[ Online Appendix ], First Draft: October 2018, This Version: August 2020
This paper studies the role of endogenous trade-credit linkages for the propagation of shocks in a multisector model where firms finance production using bank and trade credit. I build a model in which the adjustment in the volume and cost of trade credit introduces interdependent distortions and captures two counteracting mechanisms: (1) Firms smooth shocks by substituting bank and trade credit. (2) An increase in the cost of trade credit amplifies financial shocks by tightening the financing condition of customers. In a quantitative application of the model to the US economy during the 2008-2009 crisis, I simulate the model using financial shocks only and show that: (1) Trade-credit linkages generate large spillovers relative to an economy with bank finance only; (2) The smoothing mechanism was operative, though small; (3) Sectors extending relatively more trade credit to customers than their volume of bank loans are systemically important and generate large spillovers.
Work in Progress
Financial Frictions and Regional Comovement in the US.
An extensive literature has documented the evolution of comovement of economic activity across countries over time. The importance of bilateral trade as a driver of business cycle synchronization has been highlighted repeatedly. However, the failure of quantitative models to capture the comovement observed in trade data has been dubbed the “trade-comovement puzzle”. Against the back-drop of the quantitative importance of trade credit – the BIS estimates that two thirds of world trade is supported by inter-firm credit – I investigate the ability of an international multisector general equilibrium model with both trade and financial linkages within and across regions to generate comovement patterns and magnitudes as observed in the data.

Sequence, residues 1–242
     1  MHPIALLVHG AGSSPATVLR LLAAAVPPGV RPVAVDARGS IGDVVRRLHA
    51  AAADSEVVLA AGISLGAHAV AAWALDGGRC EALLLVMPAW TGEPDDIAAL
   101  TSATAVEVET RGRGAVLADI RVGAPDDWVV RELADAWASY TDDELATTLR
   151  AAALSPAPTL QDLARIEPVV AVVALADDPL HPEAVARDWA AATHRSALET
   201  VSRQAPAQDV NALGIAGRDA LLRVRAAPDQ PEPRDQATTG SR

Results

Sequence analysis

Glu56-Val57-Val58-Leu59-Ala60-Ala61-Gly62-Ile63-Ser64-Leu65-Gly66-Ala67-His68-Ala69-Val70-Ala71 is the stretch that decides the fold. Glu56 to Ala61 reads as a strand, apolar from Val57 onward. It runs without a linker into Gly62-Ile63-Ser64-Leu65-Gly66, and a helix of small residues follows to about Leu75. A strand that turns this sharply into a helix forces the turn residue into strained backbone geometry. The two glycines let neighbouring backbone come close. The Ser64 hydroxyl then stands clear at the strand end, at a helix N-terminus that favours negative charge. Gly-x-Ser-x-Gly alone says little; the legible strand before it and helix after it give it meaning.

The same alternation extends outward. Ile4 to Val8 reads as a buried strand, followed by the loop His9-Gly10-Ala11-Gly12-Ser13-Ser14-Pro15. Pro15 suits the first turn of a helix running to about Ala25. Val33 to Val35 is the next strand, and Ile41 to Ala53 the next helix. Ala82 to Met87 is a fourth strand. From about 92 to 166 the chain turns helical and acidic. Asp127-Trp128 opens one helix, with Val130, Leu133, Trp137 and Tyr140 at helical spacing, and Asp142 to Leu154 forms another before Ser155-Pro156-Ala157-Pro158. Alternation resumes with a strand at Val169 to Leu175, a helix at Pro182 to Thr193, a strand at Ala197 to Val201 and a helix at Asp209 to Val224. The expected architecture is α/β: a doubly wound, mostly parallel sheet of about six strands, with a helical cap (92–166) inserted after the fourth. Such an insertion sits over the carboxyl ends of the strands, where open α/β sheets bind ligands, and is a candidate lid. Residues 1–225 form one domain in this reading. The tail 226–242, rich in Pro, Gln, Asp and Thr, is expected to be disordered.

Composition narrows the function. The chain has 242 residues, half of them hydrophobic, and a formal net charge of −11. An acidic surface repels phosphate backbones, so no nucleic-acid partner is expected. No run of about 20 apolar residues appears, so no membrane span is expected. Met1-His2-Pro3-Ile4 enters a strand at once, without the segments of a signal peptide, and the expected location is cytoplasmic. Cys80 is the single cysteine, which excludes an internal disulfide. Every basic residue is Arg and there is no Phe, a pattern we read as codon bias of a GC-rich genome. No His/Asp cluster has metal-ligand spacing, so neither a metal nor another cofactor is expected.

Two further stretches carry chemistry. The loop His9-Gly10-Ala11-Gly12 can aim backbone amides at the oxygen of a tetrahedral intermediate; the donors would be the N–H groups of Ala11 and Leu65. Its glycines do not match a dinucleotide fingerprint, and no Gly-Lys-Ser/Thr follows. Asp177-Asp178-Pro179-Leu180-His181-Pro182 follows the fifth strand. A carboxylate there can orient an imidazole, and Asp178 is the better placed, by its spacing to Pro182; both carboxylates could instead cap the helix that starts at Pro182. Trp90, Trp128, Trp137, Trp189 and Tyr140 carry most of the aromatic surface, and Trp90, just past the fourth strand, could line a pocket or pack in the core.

Networked Forecasts: Theory and Evidence (with Vasco Carvalho)
In this paper, we show that information on the structure of the production network of an economy can help to: (a) produce better forecasts of both sector-level and aggregate growth rates and, (b) quantify the influence of particular sectors on both disaggregate and aggregate forecasts. In the first part of this paper, we offer three theoretical contributions: We show that (1) a small number of key sectors drive the long-run forecasts of all production activities in the economy and (2) the short-run dynamics and persistence of disaggregate forecasts depend on a property of the network of links across production units. (3) We study how knowledge of the underlying network can lead to efficiency gains in aggregate forecasting. In the second part, we compare the aggregate predictive ability of multisector growth models to a set of econometric models and quantify the influence of particular sectors on both disaggregate and aggregate forecasts based on the theoretical results derived in this paper.